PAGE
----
Little Prophet, Big Fish

Now the word of the Lord came to Jonah son of Amittai, saying, “Go at once to Nineveh, that great city, and cry out against it; for their wickedness has come before me.” But Jonah set out to flee to Tarshish from the presence of the Lord. He went down to Joppa and found a ship going to Tarshish; so he paid his fare and went on board, to go with them to Tarshish, away from the presence of the Lord…

But the Lord hurled a great wind upon the sea, and such a mighty storm came upon the sea that the ship threatened to break up…

The sailors said to one another, “Come, let us cast lots, so that we may know on whose account this calamity has come upon us.” So they cast lots, and the lot fell on Jonah…Then they said, “What is this that you have done!” For the men knew that he was fleeing from the presence of the Lord, because he had told them so…

He said to them, “Pick me up and throw me into the sea; then the sea will quiet down for you; for I know it is because of me that this great storm has come upon you.” Nevertheless the men rowed hard to bring the ship back to land, but they could not…so they picked Jonah up and threw him into the sea; and the sea ceased from its raging.

But the Lord provided a large fish to swallow up Jonah; and Jonah was in the belly of the fish three days and three nights…(Jonah 1-2, excerpts,NRSV)

Being a prophet isn’t easy. There’s no guarantee that people will listen to you; if they do, there’s no guarantee that they won’t kill you. Nineveh was Assyria’s capital city – not exactly the place that a Hebrew prophet wanted to go with a message of doom for foreigners who followed other gods. So Jonah ran away from his job and his Employer, clearly hoping that the prophet who runs away lives to preach another day.

Except Jonah forgot that the sea belongs to God. The sailors weren’t Hebrews, but they were God’s, too. The wind, the rain, even the fish: all God’s. You can’t run from God, because everywhere you can think of, and all the places you can’t, belong to God. A fierce storm, lost cargo, casting lots, a few prayers, and a toss overboard; the ship is safe but Jonah is lost.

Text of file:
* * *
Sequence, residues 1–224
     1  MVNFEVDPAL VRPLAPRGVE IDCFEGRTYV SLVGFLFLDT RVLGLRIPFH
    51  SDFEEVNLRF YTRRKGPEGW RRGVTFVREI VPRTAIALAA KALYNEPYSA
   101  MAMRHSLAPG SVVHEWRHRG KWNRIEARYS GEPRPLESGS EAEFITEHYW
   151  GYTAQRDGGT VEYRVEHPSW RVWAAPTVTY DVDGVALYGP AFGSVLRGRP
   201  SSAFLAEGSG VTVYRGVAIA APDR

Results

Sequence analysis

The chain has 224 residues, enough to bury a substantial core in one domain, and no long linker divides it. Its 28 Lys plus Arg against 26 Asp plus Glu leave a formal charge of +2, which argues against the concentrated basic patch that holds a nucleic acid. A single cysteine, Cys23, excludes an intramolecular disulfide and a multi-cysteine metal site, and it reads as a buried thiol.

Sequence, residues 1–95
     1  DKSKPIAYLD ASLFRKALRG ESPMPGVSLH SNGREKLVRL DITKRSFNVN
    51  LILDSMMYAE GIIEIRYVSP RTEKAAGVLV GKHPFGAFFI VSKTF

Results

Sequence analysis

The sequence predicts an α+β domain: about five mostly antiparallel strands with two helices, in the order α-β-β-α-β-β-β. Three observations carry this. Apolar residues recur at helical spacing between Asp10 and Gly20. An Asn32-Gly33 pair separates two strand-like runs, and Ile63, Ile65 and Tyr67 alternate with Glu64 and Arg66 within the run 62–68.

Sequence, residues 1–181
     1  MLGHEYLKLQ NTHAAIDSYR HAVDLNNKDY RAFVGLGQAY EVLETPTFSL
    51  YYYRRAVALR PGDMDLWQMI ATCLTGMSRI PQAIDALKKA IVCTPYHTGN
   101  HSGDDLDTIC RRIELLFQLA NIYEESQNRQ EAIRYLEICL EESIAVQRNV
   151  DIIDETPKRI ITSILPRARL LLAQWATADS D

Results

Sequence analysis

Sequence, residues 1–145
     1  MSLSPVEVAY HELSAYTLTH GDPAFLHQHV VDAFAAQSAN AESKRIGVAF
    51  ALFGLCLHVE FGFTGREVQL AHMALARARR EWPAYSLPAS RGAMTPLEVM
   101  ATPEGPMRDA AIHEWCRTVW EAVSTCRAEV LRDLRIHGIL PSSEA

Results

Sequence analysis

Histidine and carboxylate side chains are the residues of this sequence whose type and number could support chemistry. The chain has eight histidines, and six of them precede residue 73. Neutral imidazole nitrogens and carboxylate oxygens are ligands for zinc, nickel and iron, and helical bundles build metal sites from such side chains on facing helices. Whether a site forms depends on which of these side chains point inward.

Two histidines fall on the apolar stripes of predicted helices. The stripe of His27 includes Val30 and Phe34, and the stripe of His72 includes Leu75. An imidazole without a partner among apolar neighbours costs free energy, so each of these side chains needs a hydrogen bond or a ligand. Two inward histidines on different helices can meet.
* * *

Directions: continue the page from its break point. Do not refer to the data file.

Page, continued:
Except Jonah forgot about God’s love and sense of humor. Out of the deep and into a fish – the most famous biblical time-out ever. When he’s ready to be who he is and bring God’s message to Nineveh, Jonah lands on dry land. I wonder who was happier: Jonah or the fish?

When I run away from who I am and who God is, I probably won’t get swallowed by a fish. At least I haven’t in the past. But I have found myself in a dark place with plenty of time to rethink my choice. Who’s to say that’s any less humorous or miraculous?

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Johnna

I am a Christian educator and writer.I have worked in churches, denominational offices, and seminaries. I have a PhD in Theology from Princeton Theological Seminary, with a focus on Practical Theology and educating in faith. In 2010, my book, "How the Other Half Lives: the challenges facing clergy spouses and partners," was published by Pilgrim Press. I believe that words can build doorways that lead to encounters with God through the Spirit.

2 thoughts on “Little Prophet, Big Fish”

  1. Evokes two of my favorite poems~~Ps. 139 and Francis Thompson’s “The Hound of Heaven”. Maybe God gave us free will, but God eventually “gets us”? Thanks for making me think, again.

    1. Hi Bill, I haven’t read Thompson’s poem, but will definitely do so. Psalm 139 is one of my favorites, too, bringing tears sometimes. Peace, Johnna

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